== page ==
Significant changes to reporting and filing requirements in New Zealand will need to be addressed ahead of any balance date you have in 2016.
Reissued in 2013, New Zealand’s Financial Reporting Act is umbrella legislation that currently sits above approximately 1,700 pieces of legislation. Not every piece of legislation is hard-wired into this Act, but a great deal of business related legislation is.
The amended Act gives both accounting and auditing standards the force of law. It established the link between the Government, who decide “who” should report under that Act, and the External Reporting Board (XRB), who decide “what” should be reported.
Although the Financial Reporting Act 2013 came into effect on 1 April 2014, many of the changes it proposed will not come into full effect until 2016. That’s because the XRB provided an additional year of relief from the new legislation to enable New Zealand subsidiaries and New Zealand branches of Australian companies to continue to NZ IFRS Differential Reporting and “old” NZ GAAP. However, that relief completely finishes on 30 March 2016. Any New Zealand company or New Zealand Branch after that date must adopt a new basis of accounting, unless they are currently applying “full” NZ IFRS – which generally speaking is quite rare.
The change in legislation was built upon three public policy objectives:
- more public accountability
- greater attention to economic significance and
- provide companies with more than 10 shareholders access to general purpose financial statements, unless they want to contract out of this.
Whilst in place in Australia for a long time, New Zealand companies for the first time can adopt Special Purpose Financial Reporting (SPFR). Many entities in New Zealand can adopt SPFR provided they satisfy certain size and ownership criteria. However, SPFR in Australia is not the same as SPFR in New Zealand.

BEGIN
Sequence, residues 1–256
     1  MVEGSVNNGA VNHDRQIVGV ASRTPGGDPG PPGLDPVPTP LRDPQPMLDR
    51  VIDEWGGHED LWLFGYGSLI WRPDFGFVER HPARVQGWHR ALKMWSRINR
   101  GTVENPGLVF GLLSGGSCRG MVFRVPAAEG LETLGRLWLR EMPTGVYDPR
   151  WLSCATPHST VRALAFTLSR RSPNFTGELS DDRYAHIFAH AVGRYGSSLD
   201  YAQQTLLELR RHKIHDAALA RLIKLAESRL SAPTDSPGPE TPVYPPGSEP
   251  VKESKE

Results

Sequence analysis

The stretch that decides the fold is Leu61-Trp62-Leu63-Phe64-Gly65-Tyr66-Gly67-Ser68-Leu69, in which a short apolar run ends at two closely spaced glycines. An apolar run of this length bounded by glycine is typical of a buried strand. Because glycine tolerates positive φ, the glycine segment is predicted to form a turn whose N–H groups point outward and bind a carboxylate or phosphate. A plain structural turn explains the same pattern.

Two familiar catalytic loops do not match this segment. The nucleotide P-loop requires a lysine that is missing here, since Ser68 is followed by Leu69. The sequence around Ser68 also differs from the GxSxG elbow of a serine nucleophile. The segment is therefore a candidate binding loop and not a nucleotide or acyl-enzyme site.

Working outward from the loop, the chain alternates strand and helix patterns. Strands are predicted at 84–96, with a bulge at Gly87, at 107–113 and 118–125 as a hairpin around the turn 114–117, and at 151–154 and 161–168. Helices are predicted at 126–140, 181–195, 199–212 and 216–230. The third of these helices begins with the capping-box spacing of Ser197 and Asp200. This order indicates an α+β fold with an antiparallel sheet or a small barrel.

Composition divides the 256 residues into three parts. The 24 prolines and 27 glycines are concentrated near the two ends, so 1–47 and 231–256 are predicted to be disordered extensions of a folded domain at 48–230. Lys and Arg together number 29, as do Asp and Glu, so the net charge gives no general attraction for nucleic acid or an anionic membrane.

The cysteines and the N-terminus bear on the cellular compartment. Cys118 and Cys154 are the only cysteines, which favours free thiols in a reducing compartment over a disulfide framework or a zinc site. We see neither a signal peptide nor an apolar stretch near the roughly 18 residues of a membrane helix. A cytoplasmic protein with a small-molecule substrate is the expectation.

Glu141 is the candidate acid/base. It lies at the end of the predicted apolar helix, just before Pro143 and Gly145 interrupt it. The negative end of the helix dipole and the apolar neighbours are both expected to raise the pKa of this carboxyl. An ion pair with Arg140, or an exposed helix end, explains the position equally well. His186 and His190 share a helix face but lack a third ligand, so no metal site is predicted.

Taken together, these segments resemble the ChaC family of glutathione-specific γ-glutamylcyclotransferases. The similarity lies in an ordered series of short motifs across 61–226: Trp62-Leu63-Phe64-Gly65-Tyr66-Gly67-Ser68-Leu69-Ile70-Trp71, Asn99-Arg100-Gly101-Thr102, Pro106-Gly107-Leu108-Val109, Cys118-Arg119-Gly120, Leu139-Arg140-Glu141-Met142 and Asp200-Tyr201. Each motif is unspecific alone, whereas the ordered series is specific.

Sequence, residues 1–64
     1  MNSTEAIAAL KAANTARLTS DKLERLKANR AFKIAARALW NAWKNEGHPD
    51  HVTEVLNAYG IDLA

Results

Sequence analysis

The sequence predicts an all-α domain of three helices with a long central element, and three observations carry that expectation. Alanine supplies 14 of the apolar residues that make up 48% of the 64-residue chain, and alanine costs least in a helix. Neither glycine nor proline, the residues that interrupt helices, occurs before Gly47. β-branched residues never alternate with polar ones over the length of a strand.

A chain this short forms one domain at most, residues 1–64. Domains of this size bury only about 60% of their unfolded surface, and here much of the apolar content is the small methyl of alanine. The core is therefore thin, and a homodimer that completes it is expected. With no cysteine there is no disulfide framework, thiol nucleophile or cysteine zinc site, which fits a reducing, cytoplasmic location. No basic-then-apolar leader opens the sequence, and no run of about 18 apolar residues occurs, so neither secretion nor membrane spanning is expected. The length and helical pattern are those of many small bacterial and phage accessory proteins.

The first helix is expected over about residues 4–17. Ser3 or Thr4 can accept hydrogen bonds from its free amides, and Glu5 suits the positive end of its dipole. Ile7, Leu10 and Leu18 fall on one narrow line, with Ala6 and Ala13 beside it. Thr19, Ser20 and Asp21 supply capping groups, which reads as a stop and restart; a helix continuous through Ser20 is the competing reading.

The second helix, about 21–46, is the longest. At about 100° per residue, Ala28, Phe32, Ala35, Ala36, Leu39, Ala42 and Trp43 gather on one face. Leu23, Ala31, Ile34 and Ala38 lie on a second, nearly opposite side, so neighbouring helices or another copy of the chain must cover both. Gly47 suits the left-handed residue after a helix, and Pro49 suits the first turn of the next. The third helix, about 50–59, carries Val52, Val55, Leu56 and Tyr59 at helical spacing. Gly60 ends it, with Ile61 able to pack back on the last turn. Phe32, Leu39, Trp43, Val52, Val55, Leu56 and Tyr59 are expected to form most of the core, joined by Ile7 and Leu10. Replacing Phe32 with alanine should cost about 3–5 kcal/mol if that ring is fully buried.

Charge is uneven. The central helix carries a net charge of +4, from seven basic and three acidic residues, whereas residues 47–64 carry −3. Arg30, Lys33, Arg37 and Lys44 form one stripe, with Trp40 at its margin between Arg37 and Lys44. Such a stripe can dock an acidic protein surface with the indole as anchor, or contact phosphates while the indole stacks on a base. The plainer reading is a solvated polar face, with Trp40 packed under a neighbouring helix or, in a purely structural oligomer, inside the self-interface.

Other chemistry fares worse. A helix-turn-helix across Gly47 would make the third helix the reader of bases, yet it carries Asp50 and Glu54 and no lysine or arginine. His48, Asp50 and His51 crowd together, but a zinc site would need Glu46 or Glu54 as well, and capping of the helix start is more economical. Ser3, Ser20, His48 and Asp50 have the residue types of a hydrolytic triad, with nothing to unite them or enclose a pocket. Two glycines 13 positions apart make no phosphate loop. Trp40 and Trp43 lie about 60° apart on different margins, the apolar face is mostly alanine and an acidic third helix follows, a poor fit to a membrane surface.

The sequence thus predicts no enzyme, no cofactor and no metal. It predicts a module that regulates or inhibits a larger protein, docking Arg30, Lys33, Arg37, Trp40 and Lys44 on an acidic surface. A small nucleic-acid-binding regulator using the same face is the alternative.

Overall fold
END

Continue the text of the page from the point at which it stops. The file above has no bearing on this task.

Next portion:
So what are five key matters that those who are charged with preparing financial statements for New Zealand entities should be take into consideration in 2016?
- Given SPFR can be used for the first time in New Zealand, guidance on expectations of what should be delivered under this regime have been published by Chartered Accountants Australia and New Zealand (formerly the New Zealand Institute of Chartered Accountants)
- If you are “large” as defined in the legislation, then you will have to adopt New Zealand equivalents to International Financial Reporting Standards – Reduced Disclosure Regime, which means you will be adopting IFRS for the first time. This means you will have to go through an IFRS conversion and follow the specific requirements in NZ IFRS 1 (which mirrors the requirements in AASB 1) if you currently report under NZ IFRS Differential Reporting or “old” NZ GAAP
- If your New Zealand entity is no longer required to file with the New Zealand Companies Office because it is not “large”, there are still financial reporting matters that you need to attend to in terms of establishing the basis for accounting to be used for each reporting period
- Know where to go to check out your financial reporting responsibilities and how best to respond to enquiries from the New Zealand Companies Office if they ask why previously filed financial statements are no longer filed, and
- Do not automatically expect a set of financial statements that were prepared under “old” NZ GAAP or NZ IFRS Differential Reporting will fulfil all the requirements of SPFR in New Zealand. Some editing and updates will be required and the XYZ model set of financial statements can assist in helping preparers of the financial statements with that transition process.
In summary, depending on your size and ownership structure, some significant changes to the financial reporting and filing requirements in New Zealand will need to be addressed and carefully considered ahead of any balance date you have in 2016.
To help simplify the transition to the SPFR, XYZ Model Financial Statements – Special Purpose Reporting provides a disciplined and logical process to work through.